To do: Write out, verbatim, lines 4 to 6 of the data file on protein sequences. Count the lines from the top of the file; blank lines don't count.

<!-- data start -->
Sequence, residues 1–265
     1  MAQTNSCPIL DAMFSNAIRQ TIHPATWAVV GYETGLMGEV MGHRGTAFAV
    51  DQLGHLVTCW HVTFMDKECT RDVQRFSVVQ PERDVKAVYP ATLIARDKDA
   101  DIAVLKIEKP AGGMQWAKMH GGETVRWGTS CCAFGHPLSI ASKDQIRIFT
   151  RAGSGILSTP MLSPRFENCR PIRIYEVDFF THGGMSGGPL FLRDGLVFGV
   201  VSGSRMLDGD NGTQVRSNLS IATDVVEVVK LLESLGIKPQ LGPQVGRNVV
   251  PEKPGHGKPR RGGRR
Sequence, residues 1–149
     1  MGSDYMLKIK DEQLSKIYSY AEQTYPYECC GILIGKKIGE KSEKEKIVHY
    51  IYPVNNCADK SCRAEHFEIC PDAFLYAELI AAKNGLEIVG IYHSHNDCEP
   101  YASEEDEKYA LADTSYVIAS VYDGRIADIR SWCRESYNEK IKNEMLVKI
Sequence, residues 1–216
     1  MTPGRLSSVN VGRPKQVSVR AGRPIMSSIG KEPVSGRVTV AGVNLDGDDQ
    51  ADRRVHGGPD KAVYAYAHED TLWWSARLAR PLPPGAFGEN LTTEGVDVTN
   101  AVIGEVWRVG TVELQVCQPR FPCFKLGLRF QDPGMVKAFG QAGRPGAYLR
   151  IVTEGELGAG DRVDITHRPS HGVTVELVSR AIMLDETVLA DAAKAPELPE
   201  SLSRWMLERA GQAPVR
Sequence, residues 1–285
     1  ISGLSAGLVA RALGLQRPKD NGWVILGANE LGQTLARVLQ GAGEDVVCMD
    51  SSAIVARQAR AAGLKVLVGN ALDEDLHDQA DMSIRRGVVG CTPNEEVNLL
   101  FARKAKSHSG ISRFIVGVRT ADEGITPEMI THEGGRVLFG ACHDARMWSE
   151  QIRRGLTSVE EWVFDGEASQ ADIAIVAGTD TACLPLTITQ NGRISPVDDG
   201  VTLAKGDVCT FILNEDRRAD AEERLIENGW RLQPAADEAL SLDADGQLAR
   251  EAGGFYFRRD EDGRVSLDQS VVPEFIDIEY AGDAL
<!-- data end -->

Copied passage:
   101  DIAVLKIEKP AGGMQWAKMH GGETVRWGTS CCAFGHPLSI ASKDQIRIFT
   151  RAGSGILSTP MLSPRFENCR PIRIYEVDFF THGGMSGGPL FLRDGLVFGV
   201  VSGSRMLDGD NGTQVRSNLS IATDVVEVVK LLESLGIKPQ LGPQVGRNVV